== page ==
Even though lower earners and part-timers need at least the same level of support, they often do not have important insurance, healthcare, mental health, and financial wellbeing support. This can lead to poor engagement, high staff turnover, low productivity, and poor business reputation.
Understand your Workforce
To understand what your employees value and where they may need more support, you could consider getting direct feedback from return-to-work interviews, exit interviews, employee surveys, and focus groups. This can help you to detect themes across the workforce. Analysing benefit usage can help you to understand the level of engagement from employees, and potentially the state of their health too.
Absenteeism rates, productivity, and customer satisfaction ratings can tell companies a lot about how well or unhappy the workforce is. Low productivity and customer satisfaction can be a sign that employees are not as engaged in their work and may be unhappy or struggling. On the other hand, good productivity and customer feedback suggests an engaged workforce.
Even if you offer a very rich benefits package, do your employees know what they have access to, and moreover if it’s relevant to themselves? If you don’t communicate this to your employees correctly, they may miss out on important support, and you will not be getting the most from your benefit spend.
Helping Your ‘Uninsured’ Employees
Companies could do more to support their traditionally ‘uninsured’ employees. Some SME clients are reviewing their pension setup to see if it is functioning as intended, and providing value for money to employees. Some are considering salary sacrifice, which is an agreement to reduce an employee’s entitlement to cash pay, typically in return for a non-cash benefit. This is a way of saving money for the company, as well as making employees’ money go further. One of Mercer Marsh Benefits’ clients, who is conducting a salary exchange exercise, will save around £65,000 through this process.
Clients are also interested in supporting their employees to better manage their money. Financial education sessions were traditionally conducted via seminars but since the pandemic, companies are increasingly turning to webinars. Companies can also consider requesting the assistance of a benefit and wellbeing consultancy, which could help with providing a benefits and strategy review, benchmarking data, and guidance on employee practices, policy, and employment guidelines.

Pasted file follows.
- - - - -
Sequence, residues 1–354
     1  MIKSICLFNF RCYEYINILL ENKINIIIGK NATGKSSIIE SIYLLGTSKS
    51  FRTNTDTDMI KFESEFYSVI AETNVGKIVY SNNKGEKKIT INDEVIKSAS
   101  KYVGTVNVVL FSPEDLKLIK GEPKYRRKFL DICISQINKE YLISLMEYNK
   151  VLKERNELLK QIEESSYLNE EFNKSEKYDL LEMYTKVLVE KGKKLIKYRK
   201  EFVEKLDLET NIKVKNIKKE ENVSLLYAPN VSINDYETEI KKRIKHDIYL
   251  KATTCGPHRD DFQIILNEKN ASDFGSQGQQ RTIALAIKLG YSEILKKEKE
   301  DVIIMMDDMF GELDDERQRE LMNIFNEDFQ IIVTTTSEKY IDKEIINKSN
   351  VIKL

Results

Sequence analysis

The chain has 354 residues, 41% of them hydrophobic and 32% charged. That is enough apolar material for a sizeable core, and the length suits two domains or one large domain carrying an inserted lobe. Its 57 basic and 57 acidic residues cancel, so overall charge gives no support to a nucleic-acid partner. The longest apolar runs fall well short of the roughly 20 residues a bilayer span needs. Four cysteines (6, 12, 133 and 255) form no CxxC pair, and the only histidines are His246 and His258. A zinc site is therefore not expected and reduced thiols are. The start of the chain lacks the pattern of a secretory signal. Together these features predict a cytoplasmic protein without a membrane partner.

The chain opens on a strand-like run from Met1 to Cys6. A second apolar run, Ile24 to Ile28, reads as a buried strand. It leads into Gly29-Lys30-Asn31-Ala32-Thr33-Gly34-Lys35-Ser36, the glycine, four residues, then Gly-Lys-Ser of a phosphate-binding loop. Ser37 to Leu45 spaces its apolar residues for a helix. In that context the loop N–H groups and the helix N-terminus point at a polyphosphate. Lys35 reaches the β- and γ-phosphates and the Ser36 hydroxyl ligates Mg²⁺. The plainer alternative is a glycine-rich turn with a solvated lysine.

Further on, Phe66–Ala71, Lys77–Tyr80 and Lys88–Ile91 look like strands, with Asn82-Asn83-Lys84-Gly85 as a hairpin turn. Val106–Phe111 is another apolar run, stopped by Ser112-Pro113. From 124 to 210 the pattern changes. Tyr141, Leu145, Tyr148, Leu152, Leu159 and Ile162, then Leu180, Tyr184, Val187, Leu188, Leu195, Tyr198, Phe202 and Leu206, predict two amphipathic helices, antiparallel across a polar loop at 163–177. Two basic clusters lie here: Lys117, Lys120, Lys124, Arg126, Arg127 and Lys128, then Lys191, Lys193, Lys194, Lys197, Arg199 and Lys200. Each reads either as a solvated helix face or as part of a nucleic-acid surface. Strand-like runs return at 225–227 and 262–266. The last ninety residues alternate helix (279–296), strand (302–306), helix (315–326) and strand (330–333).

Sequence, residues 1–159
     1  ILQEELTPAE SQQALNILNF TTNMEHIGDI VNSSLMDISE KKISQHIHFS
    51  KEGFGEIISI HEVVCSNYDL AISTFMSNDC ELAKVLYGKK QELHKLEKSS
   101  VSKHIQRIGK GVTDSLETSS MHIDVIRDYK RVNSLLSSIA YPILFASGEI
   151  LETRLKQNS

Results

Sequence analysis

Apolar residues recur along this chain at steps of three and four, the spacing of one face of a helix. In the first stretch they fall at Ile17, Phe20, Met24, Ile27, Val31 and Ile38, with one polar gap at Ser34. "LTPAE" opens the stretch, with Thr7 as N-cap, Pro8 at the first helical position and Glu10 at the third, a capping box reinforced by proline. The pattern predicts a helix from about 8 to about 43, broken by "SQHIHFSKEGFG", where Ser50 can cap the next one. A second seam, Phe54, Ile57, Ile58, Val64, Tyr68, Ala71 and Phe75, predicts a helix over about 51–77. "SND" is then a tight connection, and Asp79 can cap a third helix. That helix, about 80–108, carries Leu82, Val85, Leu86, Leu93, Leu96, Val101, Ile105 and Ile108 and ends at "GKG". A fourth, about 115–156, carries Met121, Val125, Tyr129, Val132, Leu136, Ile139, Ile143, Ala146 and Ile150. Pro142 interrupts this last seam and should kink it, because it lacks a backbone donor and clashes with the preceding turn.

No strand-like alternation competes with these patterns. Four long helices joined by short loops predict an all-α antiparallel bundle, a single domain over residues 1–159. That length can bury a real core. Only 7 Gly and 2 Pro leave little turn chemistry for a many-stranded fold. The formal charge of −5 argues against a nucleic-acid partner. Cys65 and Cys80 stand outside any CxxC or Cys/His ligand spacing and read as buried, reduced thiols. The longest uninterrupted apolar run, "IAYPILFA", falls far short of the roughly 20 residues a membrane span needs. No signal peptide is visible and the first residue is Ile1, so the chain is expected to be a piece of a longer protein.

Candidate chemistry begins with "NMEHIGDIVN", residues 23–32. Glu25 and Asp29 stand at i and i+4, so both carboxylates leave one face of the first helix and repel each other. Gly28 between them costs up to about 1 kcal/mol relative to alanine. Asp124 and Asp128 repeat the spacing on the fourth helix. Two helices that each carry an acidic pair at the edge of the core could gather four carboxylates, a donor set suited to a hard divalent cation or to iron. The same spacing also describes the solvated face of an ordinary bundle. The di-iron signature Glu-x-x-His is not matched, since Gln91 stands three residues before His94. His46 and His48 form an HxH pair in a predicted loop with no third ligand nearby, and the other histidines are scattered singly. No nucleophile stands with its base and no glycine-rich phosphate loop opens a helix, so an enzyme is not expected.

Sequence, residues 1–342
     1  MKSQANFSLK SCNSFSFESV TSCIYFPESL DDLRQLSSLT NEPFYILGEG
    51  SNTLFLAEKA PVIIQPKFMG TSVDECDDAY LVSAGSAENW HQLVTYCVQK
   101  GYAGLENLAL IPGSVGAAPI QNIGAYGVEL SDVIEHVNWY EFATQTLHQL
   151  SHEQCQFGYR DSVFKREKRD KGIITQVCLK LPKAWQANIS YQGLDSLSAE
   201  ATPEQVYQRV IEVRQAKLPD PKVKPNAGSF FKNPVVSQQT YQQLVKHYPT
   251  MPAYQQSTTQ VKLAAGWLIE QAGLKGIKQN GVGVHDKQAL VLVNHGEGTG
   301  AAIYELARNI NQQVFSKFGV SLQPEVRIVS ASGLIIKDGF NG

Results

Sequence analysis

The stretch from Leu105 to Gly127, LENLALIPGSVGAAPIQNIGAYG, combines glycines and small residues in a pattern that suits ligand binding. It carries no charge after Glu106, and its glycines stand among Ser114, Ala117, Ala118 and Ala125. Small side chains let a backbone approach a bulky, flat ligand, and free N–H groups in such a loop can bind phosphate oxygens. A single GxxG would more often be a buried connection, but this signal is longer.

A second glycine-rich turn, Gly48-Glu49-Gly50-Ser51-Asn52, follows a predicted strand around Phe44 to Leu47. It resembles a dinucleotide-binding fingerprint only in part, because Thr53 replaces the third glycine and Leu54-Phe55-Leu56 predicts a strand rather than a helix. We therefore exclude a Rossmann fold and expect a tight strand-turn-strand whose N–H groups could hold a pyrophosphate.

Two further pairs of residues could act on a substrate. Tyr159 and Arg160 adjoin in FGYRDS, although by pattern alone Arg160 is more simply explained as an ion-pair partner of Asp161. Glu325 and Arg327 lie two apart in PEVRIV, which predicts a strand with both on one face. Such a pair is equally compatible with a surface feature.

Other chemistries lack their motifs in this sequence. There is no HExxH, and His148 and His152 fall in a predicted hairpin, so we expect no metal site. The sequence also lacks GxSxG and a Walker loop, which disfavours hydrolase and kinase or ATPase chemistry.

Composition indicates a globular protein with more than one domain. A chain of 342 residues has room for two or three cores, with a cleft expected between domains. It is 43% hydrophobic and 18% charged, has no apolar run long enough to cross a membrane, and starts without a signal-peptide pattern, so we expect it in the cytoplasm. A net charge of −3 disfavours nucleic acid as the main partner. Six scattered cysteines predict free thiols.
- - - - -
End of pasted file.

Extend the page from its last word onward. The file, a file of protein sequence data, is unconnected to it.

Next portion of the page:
What Actions Employers Can Take Now?
There are three key areas where employers can take actions now in order to deal with these challenges.
- Evaluate your employee benefits package to consider how well it supports your workforce now, post-pandemic and in a cost-of-living crisis. Does it offer something for everyone? Do you understand what your workforce needs, and how well does what you have in place cover those needs?
- Address what actions you need to take. Do you need to have better promotion of your current solutions? Can a review of your options help free up budget to do more for your workforce? Remember that benefits package can play a large factor when people change jobs.
- Communicate the benefits and support that you provide to employees. You can do this by ensuring you have strong signposting and communications so that your workforce is aware of everything you’re offering them. This can then help them to further understand how it can help them.
The Benefits of Partnering with Mercer Marsh Benefits
A comprehensive employee benefits package can help attract and retain talented people.
But affordability is a key concern for SMEs, which is why Mercer Marsh Benefits offers to help employers create a cost-effective benefits package based on what they need. It offers employers a free, no obligation benefits audit that can help you deliver value to your employees and your business. It understands your business so that it can identify potential gaps in your benefits and benefits strategy.
Because Mercer Marsh Benefits is independent of any provider, it can review the market and work with any provider to ensure its clients are receiving the best benefits. It also offers free extras, such as optical, dental and physio care, a virtual GP service, and health assessments.
Mercer Marsh Benefits can help you to get the most from your benefit spend at a time when it is crucial to find the right culture that engages staff and makes them feel valued. The team strongly believes that if you look after your employees, they will look after your business.